The dreary state of Trump's 2024 rallies

The melancholy, yet incandescent pop song “Please Please Please Let Me Get What I Want” by the post-punk band The Smiths has somehow become a staple at Donald Trump rallies. Though it appears the Trump campaign team has been blasting the indie rock classic for some time, former Smiths guitarist Johnny Marr posted on X that he “never in a million years would’ve thought this could come to pass. Consider this shit shut right down right now.” 

Countless artists have objected to the use of their songs being played before, during and after his campaign rallies: Notable artists like Adele, Earth, Wind & Fire, Guns N’ Roses, Ozzy Osbourne, Pharrell Williams, Prince (via his estate), Queen and R.E.M. have all made similar statements to that of Marr’s — though most have proven unsuccessful without meaningful legal action.

But something is jarring about the use of this track. The Smiths have long been associated with angsty, teenage rumination, and this song in particular is one of the more desperate and juvenile songs in the band’s catalog. This contrasts with the previous tone of Trump events, which often felt like a twisted combination of a monster truck rally, carnival and shock-jock stand-up set. 

And maybe there’s a certain, subconscious psychology to the selection. 

As Ian Ward wrote in Politico today, while MAGA die-hards are still willing to brave the elements to witness their dear leader in action, the overall sentiment seems one of exhaustion and lethargy. Per Ward’s report, it seems like just playing the hits isn’t cutting it anymore: 

“His rallies aren’t fundamentally different than they have been in past elections, but therein lies the problem: There’s little new substance or material in this year’s revival of the Trump Show. His core grievances — against the “radical left Democrats,” the deep state, the RINOs, the globalists, the media — are little changed since he first started running for president in 2015, and his schticks — spinning out new nicknames for his rivals, goading the crowd to boo the press — are all retreads. Trump may still be full of venom and fury, but his laugh lines feel wooden and rehearsed, his digressions lacking color and zing.”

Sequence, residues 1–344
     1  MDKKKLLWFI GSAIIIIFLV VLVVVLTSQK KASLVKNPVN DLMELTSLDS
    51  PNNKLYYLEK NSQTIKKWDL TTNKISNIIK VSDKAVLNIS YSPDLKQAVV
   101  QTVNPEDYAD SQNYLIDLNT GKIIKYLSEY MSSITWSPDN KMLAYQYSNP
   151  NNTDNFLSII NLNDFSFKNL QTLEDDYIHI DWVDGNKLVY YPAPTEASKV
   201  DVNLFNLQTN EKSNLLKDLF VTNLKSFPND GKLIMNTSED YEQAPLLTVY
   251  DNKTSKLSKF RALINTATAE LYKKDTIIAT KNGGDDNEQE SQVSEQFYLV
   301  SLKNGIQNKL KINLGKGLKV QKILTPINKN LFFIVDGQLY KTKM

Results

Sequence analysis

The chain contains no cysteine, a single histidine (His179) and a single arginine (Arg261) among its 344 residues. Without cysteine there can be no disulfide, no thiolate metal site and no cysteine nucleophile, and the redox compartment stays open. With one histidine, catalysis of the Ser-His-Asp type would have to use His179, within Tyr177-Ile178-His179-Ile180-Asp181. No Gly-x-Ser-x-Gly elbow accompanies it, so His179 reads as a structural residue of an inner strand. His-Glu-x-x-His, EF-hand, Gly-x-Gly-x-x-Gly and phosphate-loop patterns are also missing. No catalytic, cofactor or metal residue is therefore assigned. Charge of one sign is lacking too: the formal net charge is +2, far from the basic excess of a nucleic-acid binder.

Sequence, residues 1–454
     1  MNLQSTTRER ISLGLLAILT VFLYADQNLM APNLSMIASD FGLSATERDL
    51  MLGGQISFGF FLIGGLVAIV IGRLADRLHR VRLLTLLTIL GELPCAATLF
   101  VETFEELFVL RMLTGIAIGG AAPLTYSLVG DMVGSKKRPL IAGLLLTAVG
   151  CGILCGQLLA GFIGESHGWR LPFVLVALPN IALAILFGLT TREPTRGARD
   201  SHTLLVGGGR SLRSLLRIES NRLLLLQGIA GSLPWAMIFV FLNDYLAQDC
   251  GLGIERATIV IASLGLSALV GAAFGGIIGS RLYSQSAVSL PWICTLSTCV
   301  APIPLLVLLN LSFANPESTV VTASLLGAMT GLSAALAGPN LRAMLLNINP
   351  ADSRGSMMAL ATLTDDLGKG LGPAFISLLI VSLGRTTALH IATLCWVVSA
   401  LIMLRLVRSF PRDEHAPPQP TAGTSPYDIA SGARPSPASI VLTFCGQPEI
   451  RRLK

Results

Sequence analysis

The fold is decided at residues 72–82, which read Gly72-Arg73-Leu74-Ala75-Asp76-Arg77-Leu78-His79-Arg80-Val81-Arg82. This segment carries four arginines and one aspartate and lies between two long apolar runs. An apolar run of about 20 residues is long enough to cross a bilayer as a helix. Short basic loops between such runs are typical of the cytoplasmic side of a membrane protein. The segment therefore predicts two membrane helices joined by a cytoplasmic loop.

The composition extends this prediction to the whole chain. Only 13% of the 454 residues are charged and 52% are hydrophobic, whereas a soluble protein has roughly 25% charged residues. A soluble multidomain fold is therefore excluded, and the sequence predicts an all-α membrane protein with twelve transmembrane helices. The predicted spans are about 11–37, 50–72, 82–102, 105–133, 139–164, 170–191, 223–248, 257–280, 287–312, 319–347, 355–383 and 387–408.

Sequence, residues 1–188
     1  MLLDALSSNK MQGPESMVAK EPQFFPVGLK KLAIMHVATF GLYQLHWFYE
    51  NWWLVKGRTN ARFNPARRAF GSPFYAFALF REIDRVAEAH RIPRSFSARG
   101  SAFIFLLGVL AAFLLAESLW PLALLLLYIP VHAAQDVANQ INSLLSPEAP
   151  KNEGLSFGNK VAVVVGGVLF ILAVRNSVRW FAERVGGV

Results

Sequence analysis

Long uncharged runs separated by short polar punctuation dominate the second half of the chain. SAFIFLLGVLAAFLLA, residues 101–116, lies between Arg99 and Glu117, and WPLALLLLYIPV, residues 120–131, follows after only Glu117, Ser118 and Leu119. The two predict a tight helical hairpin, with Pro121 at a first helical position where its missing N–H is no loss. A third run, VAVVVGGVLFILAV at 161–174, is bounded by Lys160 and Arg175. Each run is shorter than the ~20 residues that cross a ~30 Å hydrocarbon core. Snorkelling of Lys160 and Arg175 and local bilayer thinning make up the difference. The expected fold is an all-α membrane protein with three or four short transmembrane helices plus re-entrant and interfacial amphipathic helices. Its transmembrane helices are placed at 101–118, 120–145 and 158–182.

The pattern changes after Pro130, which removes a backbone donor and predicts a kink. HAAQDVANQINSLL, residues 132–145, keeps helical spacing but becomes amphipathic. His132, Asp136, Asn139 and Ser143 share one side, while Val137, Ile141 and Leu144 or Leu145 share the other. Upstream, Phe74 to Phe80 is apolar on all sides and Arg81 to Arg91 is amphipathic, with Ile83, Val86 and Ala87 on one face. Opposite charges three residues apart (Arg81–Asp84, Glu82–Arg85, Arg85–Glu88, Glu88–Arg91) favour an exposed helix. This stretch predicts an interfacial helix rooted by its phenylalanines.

So while this might not be indicative of any kind of outcome for what is sure to be a tumultuous and nerve-racking election year, it seems to point to a broader frustration amongst the electorate. Trump’s appeal is still rooted in revanchist, grievance-based politics, but it seems like that sentiment is the only thing driving the majority of his supporters to the polls. It’s almost more about “owning the libs” than it is about the righteous virtue of The Donald.  

Conversely, Biden’s pitch has been one about protecting the republic from the return of disorder and iron-fisted cruelty. Neither contains any meaningful reference to the positivist metrics of our social, economic or political health that isn’t wrapped up in partisan decor. It feels as if we’re just going through the same motions that have colored the past two major election cycles. It’s the same sort of listlessness that’s invoked in The Smith’s ambivalent pop-rock. 

As the band’s notoriously contrarian frontman Morrissey once sang: “I wish I could laugh, but that joke isn’t funny anymore.”  

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Jamie Larson